K-Means Clustering

Updated on January 6, 2024
Article byKumar Rahul
Edited byAshish Kumar Srivastav
Reviewed byDheeraj Vaidya, CFA, FRM

K-Means Clustering Analysis Definition

K-means clustering analysis is a fundamental unsupervised machine learning technique used to partition a dataset into distinct clusters based on similarity or proximity. Its primary aims are data segmentation and cluster identification. It operates by iteratively assigning data points to the nearest cluster centroid and recalculating the centroids until convergence.

K-Means Clustering

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It aims to partition a dataset into K distinct clusters, where K is a user-specified parameter. It divides data into homogeneous subsets, which aids in data organization and simplifies subsequent analysis. Each cluster represents a group of data points with similar features or characteristics. Identifying these clusters is valuable in various applications, such as customer segmentation, image compression, and anomaly detection.

Key Takeaways

  • K-Means is an unsupervised machine-learning technique that does not require labeled data and identifies natural groupings in data without pre-defined categories.
  • The algorithm partitions data points into clusters based on their similarity, with the objective of making data points within the same cluster as similar as possible.
  • The number of clusters (K) is a critical hyperparameter that needs to be specified by the user before running K-Means. Choosing an appropriate K is often challenging and impacts the results.
  • K-Means iteratively assigns data points to the nearest cluster centroid and recalculates centroids until convergence. The algorithm aims to minimize the sum of squared distances within each cluster.

K-Means Clustering Analysis Explained

K-means clustering is a data analysis method that finds natural groupings within a dataset. Its core purpose is to categorize data points into clusters based on their similarity, with the goal of reducing intra-cluster differences.

Originating from MacQueen’s work in 1967, K-Means was initially proposed as a way to partition data points into clusters based on their distance from cluster centers. This method, known for its simplicity and efficiency, has since evolved and gained popularity in various fields, including statistics, computer science, and machine learning.

K-Means clustering identifies these clusters by repeatedly adjusting cluster centers (centroids) and assigning data points to the nearest centroid. Its primary aim is to minimize the sum of squared distances within each cluster, making it suitable for tasks such as customer segmentation, image compression, and even anomaly detection. Its simplicity, along with its roots in mathematics and statistics, has made K-Means a foundational and widely used technique in data analysis and pattern recognition.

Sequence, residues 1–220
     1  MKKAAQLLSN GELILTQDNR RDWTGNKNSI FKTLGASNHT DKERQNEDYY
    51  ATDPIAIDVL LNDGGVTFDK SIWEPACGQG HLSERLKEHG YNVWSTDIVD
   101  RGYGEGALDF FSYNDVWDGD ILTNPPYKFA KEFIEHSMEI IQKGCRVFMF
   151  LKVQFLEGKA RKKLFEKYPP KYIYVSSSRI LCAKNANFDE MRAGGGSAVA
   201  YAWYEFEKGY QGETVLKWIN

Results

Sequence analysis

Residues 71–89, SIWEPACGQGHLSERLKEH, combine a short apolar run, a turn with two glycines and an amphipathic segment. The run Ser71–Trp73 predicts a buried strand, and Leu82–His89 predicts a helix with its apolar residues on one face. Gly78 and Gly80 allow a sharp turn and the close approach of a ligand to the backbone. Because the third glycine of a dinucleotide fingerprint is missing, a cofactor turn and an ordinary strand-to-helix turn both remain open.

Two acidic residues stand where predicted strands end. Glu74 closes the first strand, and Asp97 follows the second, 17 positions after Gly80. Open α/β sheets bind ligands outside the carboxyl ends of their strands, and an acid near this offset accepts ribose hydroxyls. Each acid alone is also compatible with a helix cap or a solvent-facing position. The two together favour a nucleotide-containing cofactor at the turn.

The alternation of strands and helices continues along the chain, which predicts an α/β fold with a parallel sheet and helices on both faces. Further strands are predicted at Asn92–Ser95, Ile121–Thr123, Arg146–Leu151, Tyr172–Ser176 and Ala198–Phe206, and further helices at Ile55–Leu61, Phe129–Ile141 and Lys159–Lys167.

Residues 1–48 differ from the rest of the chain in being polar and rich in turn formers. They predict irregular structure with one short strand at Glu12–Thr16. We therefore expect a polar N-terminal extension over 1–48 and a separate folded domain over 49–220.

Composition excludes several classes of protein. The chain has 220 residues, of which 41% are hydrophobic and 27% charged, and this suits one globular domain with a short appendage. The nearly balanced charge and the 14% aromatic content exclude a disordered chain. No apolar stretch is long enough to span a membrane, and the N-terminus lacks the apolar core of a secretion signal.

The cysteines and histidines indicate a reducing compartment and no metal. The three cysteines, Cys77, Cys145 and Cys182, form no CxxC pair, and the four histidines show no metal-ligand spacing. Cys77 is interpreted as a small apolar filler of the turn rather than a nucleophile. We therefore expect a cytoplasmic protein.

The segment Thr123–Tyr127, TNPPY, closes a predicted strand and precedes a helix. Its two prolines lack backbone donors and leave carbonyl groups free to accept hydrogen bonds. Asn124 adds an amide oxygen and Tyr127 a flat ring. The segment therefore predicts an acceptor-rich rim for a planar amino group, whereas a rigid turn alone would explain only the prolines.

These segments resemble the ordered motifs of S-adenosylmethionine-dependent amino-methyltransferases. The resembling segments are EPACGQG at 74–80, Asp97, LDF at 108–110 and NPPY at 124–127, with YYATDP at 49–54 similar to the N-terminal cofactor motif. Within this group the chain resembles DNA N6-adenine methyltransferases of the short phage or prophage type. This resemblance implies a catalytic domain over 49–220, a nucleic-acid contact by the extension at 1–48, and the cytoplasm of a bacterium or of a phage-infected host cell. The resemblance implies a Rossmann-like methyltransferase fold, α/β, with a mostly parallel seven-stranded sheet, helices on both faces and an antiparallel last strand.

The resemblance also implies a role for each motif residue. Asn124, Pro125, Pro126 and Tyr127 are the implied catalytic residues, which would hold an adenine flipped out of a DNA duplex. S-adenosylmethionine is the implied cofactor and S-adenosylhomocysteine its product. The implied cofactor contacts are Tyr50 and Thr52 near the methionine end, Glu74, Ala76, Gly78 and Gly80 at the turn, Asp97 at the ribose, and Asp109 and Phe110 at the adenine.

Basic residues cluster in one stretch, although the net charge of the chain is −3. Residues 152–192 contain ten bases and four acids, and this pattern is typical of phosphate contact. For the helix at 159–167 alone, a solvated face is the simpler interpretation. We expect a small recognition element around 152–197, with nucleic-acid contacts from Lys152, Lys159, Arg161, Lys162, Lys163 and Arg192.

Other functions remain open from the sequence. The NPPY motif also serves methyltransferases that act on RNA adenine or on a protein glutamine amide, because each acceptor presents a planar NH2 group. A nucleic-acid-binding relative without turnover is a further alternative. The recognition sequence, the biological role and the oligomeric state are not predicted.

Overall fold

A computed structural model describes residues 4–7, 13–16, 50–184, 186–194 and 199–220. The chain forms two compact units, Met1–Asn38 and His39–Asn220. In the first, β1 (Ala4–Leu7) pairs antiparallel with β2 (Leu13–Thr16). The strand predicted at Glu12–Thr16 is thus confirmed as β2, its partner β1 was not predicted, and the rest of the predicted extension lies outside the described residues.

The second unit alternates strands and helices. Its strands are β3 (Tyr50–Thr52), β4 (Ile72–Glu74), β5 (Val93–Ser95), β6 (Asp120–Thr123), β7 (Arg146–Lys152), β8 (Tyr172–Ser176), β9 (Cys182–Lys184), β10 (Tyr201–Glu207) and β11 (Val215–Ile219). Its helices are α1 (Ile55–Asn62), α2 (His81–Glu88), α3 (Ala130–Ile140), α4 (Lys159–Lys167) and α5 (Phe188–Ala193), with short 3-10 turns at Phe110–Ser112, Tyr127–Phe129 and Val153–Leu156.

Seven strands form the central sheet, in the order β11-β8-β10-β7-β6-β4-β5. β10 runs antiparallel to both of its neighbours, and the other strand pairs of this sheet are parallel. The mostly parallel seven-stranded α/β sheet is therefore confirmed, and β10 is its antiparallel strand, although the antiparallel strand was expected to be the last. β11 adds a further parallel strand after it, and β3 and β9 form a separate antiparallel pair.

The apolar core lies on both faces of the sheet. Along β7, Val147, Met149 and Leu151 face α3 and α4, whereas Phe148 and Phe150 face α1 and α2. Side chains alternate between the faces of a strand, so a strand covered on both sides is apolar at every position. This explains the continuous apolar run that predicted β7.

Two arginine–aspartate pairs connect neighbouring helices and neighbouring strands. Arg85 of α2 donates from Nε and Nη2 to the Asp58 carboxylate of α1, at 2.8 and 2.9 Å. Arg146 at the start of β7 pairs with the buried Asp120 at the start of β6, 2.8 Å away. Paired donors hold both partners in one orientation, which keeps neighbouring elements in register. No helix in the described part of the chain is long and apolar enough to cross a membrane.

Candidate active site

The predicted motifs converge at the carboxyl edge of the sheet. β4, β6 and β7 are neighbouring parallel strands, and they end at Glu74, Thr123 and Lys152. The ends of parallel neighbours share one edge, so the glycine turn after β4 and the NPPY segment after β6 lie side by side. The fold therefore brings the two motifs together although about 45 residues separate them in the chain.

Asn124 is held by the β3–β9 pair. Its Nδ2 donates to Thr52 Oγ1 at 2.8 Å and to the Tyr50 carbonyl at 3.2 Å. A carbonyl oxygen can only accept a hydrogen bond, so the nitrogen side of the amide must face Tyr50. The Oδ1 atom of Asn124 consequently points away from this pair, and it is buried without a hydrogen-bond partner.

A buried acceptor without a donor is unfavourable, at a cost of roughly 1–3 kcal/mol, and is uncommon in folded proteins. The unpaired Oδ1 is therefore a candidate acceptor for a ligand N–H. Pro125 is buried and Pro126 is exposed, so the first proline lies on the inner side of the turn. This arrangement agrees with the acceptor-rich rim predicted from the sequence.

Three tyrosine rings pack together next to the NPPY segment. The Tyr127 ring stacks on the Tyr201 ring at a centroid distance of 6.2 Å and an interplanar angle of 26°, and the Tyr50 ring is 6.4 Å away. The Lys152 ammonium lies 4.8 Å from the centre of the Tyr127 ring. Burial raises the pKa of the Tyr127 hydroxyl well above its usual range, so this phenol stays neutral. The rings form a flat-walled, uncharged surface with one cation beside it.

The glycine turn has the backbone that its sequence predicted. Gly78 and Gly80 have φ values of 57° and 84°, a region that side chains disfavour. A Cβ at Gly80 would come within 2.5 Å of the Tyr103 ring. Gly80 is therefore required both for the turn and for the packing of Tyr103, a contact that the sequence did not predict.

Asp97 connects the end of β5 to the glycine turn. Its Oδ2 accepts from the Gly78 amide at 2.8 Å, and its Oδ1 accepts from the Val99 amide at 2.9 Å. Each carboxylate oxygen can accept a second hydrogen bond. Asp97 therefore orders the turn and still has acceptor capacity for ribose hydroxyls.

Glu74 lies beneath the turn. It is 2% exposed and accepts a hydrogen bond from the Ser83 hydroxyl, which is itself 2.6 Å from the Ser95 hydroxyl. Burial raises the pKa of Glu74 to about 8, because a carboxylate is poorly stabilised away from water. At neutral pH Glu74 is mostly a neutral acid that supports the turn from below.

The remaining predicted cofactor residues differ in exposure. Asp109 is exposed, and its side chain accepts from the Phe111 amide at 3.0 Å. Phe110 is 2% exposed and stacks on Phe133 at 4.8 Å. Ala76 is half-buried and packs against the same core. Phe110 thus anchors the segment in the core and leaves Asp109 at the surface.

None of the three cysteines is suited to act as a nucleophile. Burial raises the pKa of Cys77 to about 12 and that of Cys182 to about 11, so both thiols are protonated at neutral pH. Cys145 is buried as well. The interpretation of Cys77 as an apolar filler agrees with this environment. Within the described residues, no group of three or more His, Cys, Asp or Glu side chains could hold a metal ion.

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The K-Means clustering algorithm employs a straightforward mathematical formula to partition data into clusters based on similarity. Its formula involves two primary steps: assigning data points to clusters and updating the cluster centroids iteratively.

  1. Assignment Step: For each data point, K-Means calculates the distance between that point and all cluster centroids. The formula to calculate the distance, typically using the Euclidean distance, between a data point (X) and a centroid (C) is:
    • Distance(X, C) = √((x₁ – c₁)² + (x₂ – c₂)² + … + (x_n – c_n)²)
    • Here, (x₁, x₂, …, x_n) are the features of the data point, and (c₁, c₂, …, c_n) are the features of the centroid.
  2. Update Step: After assigning data points to clusters, K-Means updates the cluster centroids. The new centroid of a cluster takes the mean of all data points within that cluster. The formula to update a centroid (C) is:
    • C = (1/n) * Σ X_I
    • Here, n is the number of data points in the cluster, and Σ X_i represents the sum of all data points’ coordinates in that cluster.
  3. These two steps, assignment, and update, are repeated iteratively until convergence, where the centroids no longer change significantly. The goal is to minimize the sum of squared distances within each cluster, making data points within a cluster as similar as possible.


Let us understand it better through the following examples.

Example #1

Imagine one has a large pile of colorful marbles of various sizes and wants to organize them into distinct groups based on their colors. K-Means clustering would work like this:

  1. Pick K (let’s say 3) initial marbles as cluster centroids, maybe red, green, and blue marbles.
  2. Then, measure the color similarity (distance) between each marble in your pile and these three centroids, assigning each marble to the nearest centroid.
  3. After this assignment, recalculate the centroids for each color group by finding the mean color of all the marbles in each group.
  4. Repeat these steps, updating the assignments and centroids until the centroids no longer change significantly.

Eventually, one will have clusters of marbles grouped by color, with each cluster containing marbles of similar colors.

Example #2

In the latest installment of DFS Insights for the Week 5 slate in 2023, K-Means Cluster Analysis takes center stage, providing a data-driven edge to NFL fantasy enthusiasts. This week’s analysis builds on previous strategies with significant upgrades to the methodology.

The approach involves aggregating projections from six sources, analyzing the actual results from the first four weeks, and gathering essential slate information, including the projected spread, game total, matchup ratings, salaries, value, risk, and reward metrics. To enhance accuracy, the top 250 players are singled out, and each position undergoes a factor analysis to determine the ideal number of clusters.